All kidney-pancreas transplants at Emory are performed using organs from deceased donors.
If following the kidney-pancreas transplant evaluation process it is determined that kidney-pancreas transplantation is the best treatment option for you, your name will be placed on a waiting list. The United Network for Organ Sharing (UNOS) is the national agency that regulates organ transplantation. LifeLink of Georgia facilitates organ donation for the state of Georgia. UNOS, along with LifeLink of Georgia, puts your name on a national computerized transplant waiting list and helps locate donor organs.
Once you have been listed, your dialysis unit or doctor's office will send a monthly blood sample to Emory. This sample is used to check your compatibility with any potential donor organs that become available. To remain eligible for a transplant, it is necessary to send in this blood sample every month.
Due to a critical shortage of donor organs, adults can wait for several years before a suitable kidney and pancreas become available. Often patients can wait at home during this time.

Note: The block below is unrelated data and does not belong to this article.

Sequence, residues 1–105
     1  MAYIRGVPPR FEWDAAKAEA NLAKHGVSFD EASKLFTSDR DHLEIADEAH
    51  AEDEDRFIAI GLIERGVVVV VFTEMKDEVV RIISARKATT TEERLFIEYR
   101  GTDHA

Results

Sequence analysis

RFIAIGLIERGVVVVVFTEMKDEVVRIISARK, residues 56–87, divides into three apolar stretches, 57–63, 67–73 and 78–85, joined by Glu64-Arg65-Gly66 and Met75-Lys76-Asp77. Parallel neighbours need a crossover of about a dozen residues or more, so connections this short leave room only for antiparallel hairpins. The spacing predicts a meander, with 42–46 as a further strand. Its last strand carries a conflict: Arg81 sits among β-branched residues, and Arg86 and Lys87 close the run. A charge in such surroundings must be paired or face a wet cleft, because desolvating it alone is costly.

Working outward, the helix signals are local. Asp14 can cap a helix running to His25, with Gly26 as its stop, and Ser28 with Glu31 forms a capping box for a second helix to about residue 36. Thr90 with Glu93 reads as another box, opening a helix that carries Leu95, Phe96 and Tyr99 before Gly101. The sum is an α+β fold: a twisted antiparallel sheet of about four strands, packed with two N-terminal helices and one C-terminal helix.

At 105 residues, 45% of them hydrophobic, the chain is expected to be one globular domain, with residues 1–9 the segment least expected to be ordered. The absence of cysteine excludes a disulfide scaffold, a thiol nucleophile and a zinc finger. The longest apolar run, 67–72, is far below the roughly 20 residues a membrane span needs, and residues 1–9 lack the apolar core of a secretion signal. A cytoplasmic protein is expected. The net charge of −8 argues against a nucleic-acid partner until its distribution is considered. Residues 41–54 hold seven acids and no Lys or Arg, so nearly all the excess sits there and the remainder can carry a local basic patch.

When a compatible kidney and pancreas have been found, you will be notified by a member of the transplant team. At that time, you will be given instructions about coming to the hospital for your transplant. The first call you get does not always mean the transplant will occur. The surgeon must examine the organs before giving final approval for your transplant. You will also have your blood tested against the donor to make sure you are not sensitized against this donor, a situation which would result in rejection of the kidney and pancreas.
The United Network for Organ Sharing (UNOS) provides a toll-free patient services line to help transplant candidates, recipients, and family members understand organ allocation practices and transplantation data. You may also call this number to discuss problems with your transplant center or the transplantation system in general. The toll-free patient services number is 1-888-894-6361.